While parents of public school children may feel besieged by alternative lifestyles, one public school teacher doesn’t think the literature available to them is diverse enough. “It takes a lot of work to find books that include same-gender parents, step-parents, foster or adoptive children, or other nontraditional families as background in an adventure tale, a friendship parable, or a holiday romp; nontraditional families are either the topic of the story or, more likely, not included at all,” Willow McCormick writes in the summer issue of Rethinking Schools magazine. “When two-parent, heterosexual families are presented as the norm in story after story, near [year] in and year out, an insidious message is conveyed: Families that don’t conform to this structure are not normal.”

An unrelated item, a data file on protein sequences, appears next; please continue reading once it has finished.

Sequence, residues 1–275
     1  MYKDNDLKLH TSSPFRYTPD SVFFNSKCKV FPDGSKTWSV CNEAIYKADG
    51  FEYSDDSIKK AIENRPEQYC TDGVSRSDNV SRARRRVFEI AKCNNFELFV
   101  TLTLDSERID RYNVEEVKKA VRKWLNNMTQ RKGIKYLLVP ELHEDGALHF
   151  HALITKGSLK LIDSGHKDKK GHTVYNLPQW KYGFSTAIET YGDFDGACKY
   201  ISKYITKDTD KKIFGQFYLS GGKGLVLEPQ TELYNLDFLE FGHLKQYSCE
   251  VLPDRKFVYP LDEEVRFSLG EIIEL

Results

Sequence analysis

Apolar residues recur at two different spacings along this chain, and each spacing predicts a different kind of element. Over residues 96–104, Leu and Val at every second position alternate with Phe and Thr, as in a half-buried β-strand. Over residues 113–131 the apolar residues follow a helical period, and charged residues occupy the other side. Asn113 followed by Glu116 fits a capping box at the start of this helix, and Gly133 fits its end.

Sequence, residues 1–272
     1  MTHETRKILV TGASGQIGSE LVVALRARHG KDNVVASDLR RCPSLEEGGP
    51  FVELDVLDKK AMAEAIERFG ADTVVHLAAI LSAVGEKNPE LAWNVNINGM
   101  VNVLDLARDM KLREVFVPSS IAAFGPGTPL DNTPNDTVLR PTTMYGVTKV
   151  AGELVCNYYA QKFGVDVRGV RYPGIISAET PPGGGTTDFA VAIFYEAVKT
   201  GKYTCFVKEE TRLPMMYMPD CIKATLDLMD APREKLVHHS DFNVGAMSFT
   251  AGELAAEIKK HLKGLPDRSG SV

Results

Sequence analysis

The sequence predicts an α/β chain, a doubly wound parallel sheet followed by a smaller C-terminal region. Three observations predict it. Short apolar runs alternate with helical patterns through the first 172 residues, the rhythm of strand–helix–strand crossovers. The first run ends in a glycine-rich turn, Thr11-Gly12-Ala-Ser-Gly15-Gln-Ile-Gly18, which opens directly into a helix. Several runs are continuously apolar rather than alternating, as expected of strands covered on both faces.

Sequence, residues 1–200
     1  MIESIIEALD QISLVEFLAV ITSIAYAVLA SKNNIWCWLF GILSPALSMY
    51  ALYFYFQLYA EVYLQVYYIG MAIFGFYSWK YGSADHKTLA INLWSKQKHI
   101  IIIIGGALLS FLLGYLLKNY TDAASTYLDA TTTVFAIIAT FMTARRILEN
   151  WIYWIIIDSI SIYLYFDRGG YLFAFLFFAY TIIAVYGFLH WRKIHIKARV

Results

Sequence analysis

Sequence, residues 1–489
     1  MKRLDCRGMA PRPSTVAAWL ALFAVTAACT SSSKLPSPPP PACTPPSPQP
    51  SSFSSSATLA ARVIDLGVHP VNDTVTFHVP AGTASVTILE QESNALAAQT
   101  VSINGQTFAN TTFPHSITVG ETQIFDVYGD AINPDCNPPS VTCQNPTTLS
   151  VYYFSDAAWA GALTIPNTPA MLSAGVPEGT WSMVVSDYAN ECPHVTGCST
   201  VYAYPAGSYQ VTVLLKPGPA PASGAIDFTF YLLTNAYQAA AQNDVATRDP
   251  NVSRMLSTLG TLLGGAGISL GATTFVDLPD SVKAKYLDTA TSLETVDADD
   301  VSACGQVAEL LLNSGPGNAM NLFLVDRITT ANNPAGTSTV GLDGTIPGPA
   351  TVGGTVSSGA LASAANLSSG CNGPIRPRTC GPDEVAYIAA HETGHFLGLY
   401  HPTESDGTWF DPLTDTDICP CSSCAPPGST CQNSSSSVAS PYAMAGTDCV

“And, of course, the message is reinforced in the majority of movies and television shows geared toward children.” McCormick is a second and third-grade teacher in West Linn, Oregon. One wonders which television shows she is referring to.
For that matter, not only has the book Heather Has Two Mommies been in circulation since 1989, but it has been joined by a host of others, in English and Spanish, such as My New Daddy and My New Mommy.